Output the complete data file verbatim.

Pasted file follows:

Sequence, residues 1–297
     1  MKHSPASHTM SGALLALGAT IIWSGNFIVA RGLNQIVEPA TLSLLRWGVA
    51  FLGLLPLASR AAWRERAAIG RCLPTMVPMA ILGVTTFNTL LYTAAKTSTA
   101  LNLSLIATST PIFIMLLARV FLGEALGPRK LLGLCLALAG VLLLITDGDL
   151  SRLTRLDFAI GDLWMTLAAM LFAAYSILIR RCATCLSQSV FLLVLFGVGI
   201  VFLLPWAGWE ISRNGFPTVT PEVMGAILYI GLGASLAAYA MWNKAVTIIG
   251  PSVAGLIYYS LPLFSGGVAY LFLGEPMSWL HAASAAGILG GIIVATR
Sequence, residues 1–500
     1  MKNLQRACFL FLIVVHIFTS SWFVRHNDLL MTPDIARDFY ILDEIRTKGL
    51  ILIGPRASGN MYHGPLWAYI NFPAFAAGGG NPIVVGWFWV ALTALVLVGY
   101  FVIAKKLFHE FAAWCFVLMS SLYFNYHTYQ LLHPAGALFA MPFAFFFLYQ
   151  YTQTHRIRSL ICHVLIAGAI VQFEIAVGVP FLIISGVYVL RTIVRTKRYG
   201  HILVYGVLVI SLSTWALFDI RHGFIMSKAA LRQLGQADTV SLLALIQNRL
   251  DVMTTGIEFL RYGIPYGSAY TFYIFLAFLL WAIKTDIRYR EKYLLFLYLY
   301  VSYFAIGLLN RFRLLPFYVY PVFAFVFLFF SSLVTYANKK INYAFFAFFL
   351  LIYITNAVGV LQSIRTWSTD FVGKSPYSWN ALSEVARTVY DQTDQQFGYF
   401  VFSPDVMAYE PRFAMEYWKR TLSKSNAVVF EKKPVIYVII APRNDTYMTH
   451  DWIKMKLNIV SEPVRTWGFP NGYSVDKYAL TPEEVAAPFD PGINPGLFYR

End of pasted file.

Sequence, residues 1–297
     1  MKHSPASHTM SGALLALGAT IIWSGNFIVA RGLNQIVEPA TLSLLRWGVA
    51  FLGLLPLASR AAWRERAAIG RCLPTMVPMA ILGVTTFNTL LYTAAKTSTA
   101  LNLSLIATST PIFIMLLARV FLGEALGPRK LLGLCLALAG VLLLITDGDL
   151  SRLTRLDFAI GDLWMTLAAM LFAAYSILIR RCATCLSQSV FLLVLFGVGI
   201  VFLLPWAGWE ISRNGFPTVT PEVMGAILYI GLGASLAAYA MWNKAVTIIG
   251  PSVAGLIYYS LPLFSGGVAY LFLGEPMSWL HAASAAGILG GIIVATR
Sequence, residues 1–500
     1  MKNLQRACFL FLIVVHIFTS SWFVRHNDLL MTPDIARDFY ILDEIRTKGL
    51  ILIGPRASGN MYHGPLWAYI NFPAFAAGGG NPIVVGWFWV ALTALVLVGY
   101  FVIAKKLFHE FAAWCFVLMS SLYFNYHTYQ LLHPAGALFA MPFAFFFLYQ
   151  YTQTHRIRSL ICHVLIAGAI VQFEIAVGVP FLIISGVYVL RTIVRTKRYG
   201  HILVYGVLVI SLSTWALFDI RHGFIMSKAA LRQLGQADTV SLLALIQNRL
   251  DVMTTGIEFL RYGIPYGSAY TFYIFLAFLL WAIKTDIRYR EKYLLFLYLY
   301  VSYFAIGLLN RFRLLPFYVY PVFAFVFLFF SSLVTYANKK INYAFFAFFL
   351  LIYITNAVGV LQSIRTWSTD FVGKSPYSWN ALSEVARTVY DQTDQQFGYF
   401  VFSPDVMAYE PRFAMEYWKR TLSKSNAVVF EKKPVIYVII APRNDTYMTH
   451  DWIKMKLNIV SEPVRTWGFP NGYSVDKYAL TPEEVAAPFD PGINPGLFYR